When he walked, rather danced, on to the sets of the Netflix film Ludo for the first time, Rajkummar Rao carried a boom box playing music from Mithun Chakraborty’s films. His character Aaloo, a restaurateur, is a fan of the actor, to such an extent that when Aaloo reels off the menu to customers, he does so in rapid speed, thrusting and twisting his pelvis in a mock dance reminiscent of the Disco Dancer star.
When Rao’s mother passed away while he was shooting in Chhattisgarh for the 2017 film Newton, the actor had to leave the set to attend to her last rites. Even as the producers contemplated a break in shoot schedule, Rao was back on the job two days later, leaving the crew in awe.
While shooting a sequence in the 2013 release Shahid, where his character is tortured in a police station, Rao took off all his clothes because he felt wearing trousers would mess up the scene. He wanted to be left alone for some time, didn’t say anything when the crew came back into the room, and just nodded to indicate he was ready. As the cameras rolled, he started crying. Even after director Hansal Mehta called “cut” and the scene was done, Rao kept crying for three hours.
Anecdotes, news reports and conversations about Rao reveal stories of professionalism, discipline, a dedication to his craft and an absence of self-obsession. “He has no airs about wanting to look good,” says Raj Nidimoru, who co-wrote and co-produced the 2018 film Stree. Amit Masurkar, who directed Newton, India’s entry to the Academy Awards that year, says, “A lot of actors prefer [to be shot at] certain angles, they have notions about themselves… You can put him in any clothes, with no make-up, and he will do what it takes.”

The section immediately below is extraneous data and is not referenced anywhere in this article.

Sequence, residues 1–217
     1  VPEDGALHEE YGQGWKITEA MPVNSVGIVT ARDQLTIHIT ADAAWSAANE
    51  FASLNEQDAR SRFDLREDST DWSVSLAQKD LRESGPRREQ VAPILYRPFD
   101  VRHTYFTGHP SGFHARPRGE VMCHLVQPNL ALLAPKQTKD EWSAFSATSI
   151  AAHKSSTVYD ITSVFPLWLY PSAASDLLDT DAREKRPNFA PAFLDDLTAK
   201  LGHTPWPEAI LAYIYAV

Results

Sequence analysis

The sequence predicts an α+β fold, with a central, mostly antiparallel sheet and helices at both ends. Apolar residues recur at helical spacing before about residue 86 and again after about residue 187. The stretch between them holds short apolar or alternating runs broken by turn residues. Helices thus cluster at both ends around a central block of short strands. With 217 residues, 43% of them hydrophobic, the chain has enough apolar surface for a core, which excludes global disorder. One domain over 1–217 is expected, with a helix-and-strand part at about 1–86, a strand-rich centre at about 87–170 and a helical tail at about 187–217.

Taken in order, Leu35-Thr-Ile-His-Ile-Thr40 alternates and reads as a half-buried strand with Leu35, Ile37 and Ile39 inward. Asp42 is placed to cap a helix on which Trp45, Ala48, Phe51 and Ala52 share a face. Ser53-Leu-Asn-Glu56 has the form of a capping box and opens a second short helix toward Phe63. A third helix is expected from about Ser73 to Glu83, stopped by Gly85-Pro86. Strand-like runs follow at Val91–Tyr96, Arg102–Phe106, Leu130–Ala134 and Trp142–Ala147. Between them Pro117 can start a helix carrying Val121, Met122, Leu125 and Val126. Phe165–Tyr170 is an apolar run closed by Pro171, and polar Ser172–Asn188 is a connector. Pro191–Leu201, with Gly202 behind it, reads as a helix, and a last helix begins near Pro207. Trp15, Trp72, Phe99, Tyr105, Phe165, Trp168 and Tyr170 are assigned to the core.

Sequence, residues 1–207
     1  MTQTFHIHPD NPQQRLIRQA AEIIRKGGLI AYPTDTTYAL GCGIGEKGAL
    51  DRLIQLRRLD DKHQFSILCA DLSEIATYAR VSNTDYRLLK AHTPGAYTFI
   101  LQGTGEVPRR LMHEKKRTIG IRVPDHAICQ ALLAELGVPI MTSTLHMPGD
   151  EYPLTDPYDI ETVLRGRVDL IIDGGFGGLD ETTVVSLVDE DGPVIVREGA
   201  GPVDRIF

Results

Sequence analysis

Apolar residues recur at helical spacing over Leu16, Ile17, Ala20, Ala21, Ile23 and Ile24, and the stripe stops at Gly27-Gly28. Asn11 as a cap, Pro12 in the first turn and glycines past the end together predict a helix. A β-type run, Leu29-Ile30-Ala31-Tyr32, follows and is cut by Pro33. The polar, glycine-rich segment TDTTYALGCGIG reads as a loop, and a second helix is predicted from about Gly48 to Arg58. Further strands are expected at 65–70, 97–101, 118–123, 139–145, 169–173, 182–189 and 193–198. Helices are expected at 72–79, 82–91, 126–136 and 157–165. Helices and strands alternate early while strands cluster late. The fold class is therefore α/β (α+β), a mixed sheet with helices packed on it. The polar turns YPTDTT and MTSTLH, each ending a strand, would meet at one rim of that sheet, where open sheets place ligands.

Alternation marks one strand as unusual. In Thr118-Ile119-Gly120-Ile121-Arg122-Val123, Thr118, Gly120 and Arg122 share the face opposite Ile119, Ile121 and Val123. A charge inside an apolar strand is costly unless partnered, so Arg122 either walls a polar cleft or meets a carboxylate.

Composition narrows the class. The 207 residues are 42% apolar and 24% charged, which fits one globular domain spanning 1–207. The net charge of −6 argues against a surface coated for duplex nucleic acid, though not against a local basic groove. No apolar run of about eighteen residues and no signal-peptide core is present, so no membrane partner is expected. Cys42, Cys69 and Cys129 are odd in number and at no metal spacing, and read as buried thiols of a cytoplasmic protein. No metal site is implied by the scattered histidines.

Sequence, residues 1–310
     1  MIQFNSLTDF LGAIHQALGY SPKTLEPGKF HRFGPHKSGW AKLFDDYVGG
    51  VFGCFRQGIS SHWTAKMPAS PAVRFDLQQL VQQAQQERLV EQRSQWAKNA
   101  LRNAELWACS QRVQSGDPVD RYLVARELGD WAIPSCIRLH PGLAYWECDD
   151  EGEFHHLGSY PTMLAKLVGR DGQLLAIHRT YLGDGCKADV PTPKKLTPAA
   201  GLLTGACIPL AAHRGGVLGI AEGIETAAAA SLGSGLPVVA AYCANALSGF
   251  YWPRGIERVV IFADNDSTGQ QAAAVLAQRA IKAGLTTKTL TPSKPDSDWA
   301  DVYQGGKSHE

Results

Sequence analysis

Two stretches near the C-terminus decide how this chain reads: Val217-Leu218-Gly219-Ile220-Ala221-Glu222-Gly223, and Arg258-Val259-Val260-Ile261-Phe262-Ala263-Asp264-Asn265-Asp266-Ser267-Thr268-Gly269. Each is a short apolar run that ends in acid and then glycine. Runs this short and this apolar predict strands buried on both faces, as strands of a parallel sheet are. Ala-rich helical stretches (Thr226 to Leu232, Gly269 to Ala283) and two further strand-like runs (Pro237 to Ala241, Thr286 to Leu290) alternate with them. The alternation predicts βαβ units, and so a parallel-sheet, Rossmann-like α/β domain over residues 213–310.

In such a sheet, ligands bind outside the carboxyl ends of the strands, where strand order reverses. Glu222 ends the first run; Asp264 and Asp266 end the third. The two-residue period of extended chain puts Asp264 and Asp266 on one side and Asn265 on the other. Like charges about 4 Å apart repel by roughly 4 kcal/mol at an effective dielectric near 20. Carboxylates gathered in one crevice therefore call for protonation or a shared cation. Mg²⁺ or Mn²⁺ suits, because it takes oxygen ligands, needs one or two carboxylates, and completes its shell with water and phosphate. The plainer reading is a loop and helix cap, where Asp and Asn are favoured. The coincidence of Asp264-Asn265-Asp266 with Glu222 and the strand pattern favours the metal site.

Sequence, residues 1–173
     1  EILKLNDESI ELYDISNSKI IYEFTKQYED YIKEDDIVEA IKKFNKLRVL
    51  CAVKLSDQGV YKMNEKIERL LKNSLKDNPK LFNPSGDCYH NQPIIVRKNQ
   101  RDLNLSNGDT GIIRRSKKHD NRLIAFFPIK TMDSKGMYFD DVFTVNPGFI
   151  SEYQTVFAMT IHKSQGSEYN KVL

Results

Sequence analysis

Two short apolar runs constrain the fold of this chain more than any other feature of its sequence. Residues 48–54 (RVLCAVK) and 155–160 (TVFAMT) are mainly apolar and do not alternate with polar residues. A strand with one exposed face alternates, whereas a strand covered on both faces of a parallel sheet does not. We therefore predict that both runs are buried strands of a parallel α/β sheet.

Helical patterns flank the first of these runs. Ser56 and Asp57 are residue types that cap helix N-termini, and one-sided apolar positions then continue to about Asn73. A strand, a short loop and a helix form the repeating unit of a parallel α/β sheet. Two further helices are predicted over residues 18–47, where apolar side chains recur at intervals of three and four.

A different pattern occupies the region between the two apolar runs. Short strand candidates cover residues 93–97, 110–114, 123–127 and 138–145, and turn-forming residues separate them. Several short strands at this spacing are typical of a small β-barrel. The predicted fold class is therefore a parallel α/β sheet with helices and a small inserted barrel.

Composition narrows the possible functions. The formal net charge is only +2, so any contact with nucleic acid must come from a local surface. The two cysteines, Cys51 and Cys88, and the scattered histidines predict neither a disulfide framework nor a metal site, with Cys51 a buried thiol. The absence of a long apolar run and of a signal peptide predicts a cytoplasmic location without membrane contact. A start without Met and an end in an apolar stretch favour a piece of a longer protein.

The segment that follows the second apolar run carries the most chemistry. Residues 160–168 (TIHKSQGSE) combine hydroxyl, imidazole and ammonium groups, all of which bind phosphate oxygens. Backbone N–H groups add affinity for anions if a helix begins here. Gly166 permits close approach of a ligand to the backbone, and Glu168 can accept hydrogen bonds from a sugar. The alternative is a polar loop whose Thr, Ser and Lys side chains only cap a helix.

It’s only been a decade since Rao made his debut in Dibakar Banerjee’s LSD: Love, Sex Aur Dhokha, but it’s been a layered career, filled with nuanced performances and a professionalism that is repeatedly recounted. He has played a range of characters, adapting to them with a skill and discipline that his directors find admirable. Whether it was losing weight for Trapped (2016) or gaining it for Bose: Dead/Alive (2017), accruing an accent for Bareilly Ki Barfi(2017), or curling his hair for Newton, the 36-year-old with a National Award (for Shahid) is not someone who just shows up for the shoot having memorised his lines.
“I don’t live in a bubble,” Rao says over a Zoom call. “I have to recreate realities on-screen. If I don’t know [regular] people, how do I portray them? I talk to everyone – doctors, someone giving me a boarding pass, autorickshaw drivers… It’s important to know everybody’s journey.”
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